Sunday, 29 April 2012

The Ten Best Actors of All Time Relay

 So what’s the idea behind the relay? I’ve created a list of what I think are the best actors. At the end of the post I, just like in a real relay race, hand over the baton to another blogger who will write his own post. This blogger will have to remove one actor (that is an obligation) and add his own choice and describe why he/she did this. At the end the blogger chooses another blogger to do the same. The idea is to make this a long race, so that enough bloggers get a chance to remove and add an actor. We will end up with a list (not ranked in order) which represents a common agreement of the best actors.” 

Nostra of My Filmviews valiantly came up with the idea for this blogging really and the lovely Stevee of Cinematic Paradox entered me into the sequence of things.

The Previous Entries: 
THE ACTORS



Humphrey Bogart




Marlon Brando

 

Charlie Chaplin



 Daniel Day Lewis


Robert De Niro

Ralph Fiennes

Jack Lemmon


Paul Newman


Jack Nicholson
  Gregory Peck

Now, of course, the usually caveats come with making any “best of” list. Best for whom? What constitutes best? Should you include more of the old than the new because of that tell-tale tendency to regard what is more aged as more esteemed? And what of the actor’s oeuvre? How many films constitute a fine actor? How many great performances? How many bad performances are allowable? Am I over thinking this? You bet. Just in case you’re a wayfaring stranger who ended up here by chance it’s one of my traits. I put long and hard thought into it and made multiple lists and eventually I opted to excise Atticus Finch.

Gregory Pack has entered into cinematic royalty to a great extent for his Oscar winning work in To Kill a Mockingbird and he’s certainly a legend of his time. But, I cannot submit him as one of the very best. There is an actor in the ten who has a significant smaller range, but he's offered more to the trade. There's an actor whose work I've seen significantly less of then Peck, but he too offers up more of a reference point to greatness than I think Peck does, as good a performer as he is. (Apologies to all offended.) And, thus, I replace him with someone who I think is not only a finer technican, but an even more significant legend. Richard Burton.

I don’t have a “favourite” male actor. There’s a hodgepodge of about seven – three of them already on the list. I found myself debating between two of Oscars’ biggest losers and I opted for Richard.

I’d submit his work in Who’s Afraid of Virginia Woolf? as one of the finest film performances of all time. He’s given one of the finest performances in a Tennessee Williams adaptation in The Night of the Iguana, gave the best Bond performance (and it wasn’t even a Bond film) in The Spy Who Came in from the Cold and one of the finest Shakespearean performances in The Taming of the Shrew. I think he belongs on a list of best.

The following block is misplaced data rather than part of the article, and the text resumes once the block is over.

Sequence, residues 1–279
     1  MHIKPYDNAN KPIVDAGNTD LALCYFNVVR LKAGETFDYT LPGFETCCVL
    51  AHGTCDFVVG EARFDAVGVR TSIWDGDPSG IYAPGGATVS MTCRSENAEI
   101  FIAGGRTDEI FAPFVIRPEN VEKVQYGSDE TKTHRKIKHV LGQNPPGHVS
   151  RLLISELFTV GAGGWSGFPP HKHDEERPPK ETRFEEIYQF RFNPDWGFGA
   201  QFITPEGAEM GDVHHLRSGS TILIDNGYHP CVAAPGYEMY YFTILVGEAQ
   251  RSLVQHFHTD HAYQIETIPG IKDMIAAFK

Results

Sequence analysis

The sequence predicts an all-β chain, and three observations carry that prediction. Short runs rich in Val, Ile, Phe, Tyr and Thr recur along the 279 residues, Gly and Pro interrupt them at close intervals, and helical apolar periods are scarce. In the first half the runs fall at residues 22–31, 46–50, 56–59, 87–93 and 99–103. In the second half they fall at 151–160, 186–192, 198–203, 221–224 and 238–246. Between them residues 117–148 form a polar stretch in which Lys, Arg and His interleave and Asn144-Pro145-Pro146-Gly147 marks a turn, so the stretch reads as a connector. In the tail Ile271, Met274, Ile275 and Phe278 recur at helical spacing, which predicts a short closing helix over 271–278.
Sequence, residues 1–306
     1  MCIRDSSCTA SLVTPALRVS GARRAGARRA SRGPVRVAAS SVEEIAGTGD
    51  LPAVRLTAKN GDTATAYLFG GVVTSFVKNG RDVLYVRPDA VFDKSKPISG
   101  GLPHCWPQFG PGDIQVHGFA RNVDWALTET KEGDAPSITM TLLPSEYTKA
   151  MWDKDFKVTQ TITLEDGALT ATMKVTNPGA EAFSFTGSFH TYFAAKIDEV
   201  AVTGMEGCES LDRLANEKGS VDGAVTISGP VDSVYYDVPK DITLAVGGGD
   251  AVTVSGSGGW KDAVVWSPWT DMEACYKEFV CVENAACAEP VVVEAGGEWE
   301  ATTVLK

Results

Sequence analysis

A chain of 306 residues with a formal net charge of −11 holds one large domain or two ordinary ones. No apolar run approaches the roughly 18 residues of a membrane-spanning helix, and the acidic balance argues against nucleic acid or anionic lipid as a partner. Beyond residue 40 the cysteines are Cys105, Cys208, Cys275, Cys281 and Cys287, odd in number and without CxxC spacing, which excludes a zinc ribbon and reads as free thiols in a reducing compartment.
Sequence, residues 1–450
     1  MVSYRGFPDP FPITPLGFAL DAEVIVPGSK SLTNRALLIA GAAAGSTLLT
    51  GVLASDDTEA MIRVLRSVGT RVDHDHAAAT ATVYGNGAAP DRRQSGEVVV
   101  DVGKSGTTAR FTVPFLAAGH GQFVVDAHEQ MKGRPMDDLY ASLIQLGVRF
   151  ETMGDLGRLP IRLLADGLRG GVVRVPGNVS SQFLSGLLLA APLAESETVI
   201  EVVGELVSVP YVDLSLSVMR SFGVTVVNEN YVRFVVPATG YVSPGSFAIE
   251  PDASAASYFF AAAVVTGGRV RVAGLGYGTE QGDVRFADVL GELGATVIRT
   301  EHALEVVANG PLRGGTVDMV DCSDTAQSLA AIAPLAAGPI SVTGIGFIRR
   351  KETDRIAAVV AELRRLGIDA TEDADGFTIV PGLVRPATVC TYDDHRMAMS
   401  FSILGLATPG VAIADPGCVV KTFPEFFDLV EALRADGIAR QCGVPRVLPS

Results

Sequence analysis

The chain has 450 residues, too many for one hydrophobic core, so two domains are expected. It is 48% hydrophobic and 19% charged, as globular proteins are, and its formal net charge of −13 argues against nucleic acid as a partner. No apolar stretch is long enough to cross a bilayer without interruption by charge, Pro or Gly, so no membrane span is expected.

I point to Paolo (Okinawa Assault) to take up the baton and keep the ball rolling. He's full of opinions.

11 comments:

MovieNut14 said...

Well, I called it when I said you would choose a British actor. Nice call on Burton, by the way.

Paolo said...

Inner city pres-SURE.

Anyway, Burton reminds me of the Burton-Scolfield match-up from 1966. I can only imagine what the Academy felt about those choices.

Squasher88 said...

Interesting choice. I had no idea he was a 7-time Oscar nominee! I've only seen Burton in 'Who's Afraid of Virginia Woolf' and I agree, he is quite good in it.

Nostra said...

Oohhh, once Ruth finds out you've deleted Peck you are in some trouble ;) But of course it's hard to pick one with so many great actors :)

Runs Like A Gay said...

Great list, with a painful choice at the end that all of us felt your pain.

Although I'd be tempted to say that Humph could be lost for the same reason. Sure he's fantastic in a lot of films, but he's also playing more or less the same role in a lot of films.

Think of Rick Blaine, Philip Marlowe, Sam Spade, Dobbs and Charlie Allnut. All wisecraking their way from temptation.

Whereas Atticus Finch, Sam Bowden, Joe Bradley, Frank Savage and Jimmy Ringo may all appear to be similar upstanding members of their community but there's a lot going on behind the eyes.

Pete said...

Shocked to see Peck out. Haven't seen enough of Burton to comment on his addition. Interesting choice though!

Eric said...

I don't think I have seen anything from Richard Burton.. wow. Definitely going to have to fix that.

ruth said...

Oh my goodness, my heart is broken... how ironic that this comes on the day I participate on your Wet/Rainy blogathon :(

Well I stand by my choice... I have never seen any of Mr. Burton's choice but I doubt he'd come close to Mr. Peck in my book.

TheFocusedFilmographer said...

I knew Ruth would be heartbroken. I'm sorry my dear! Perhaps he shall return!

Andrew: Encore Entertainment said...

anna yes, apparently i'm infinitely transparent, to you at least.

paolo 1966 was tough, yo. as much as i love burton and all things woolf, scofield did good. he'd have been deserving in another year :(

shane, pete, eric you should definitely check out his oeuvre. shame, you might have already seen his best with who's afraid of virginia woolf, but there are some great gems to find.

nostra well, no one said it'd be easy. (in fact, stevee specifically said it'd be tough.)

ben you make a valid point, and bogart was one of the four performers that was in my bottom four. eventually it came down to their individual work, as well as their collective films.

ruth apologies. since you love peck, it'd be difficult for you to immediately love someone else as much or more. but, i do think you'd like facets of burton's work. and, as the focused filmographer says, he may return.

Anonymous said...

Wow, Burton finally gets the nod...should have been on the original list of greatest. Nice job!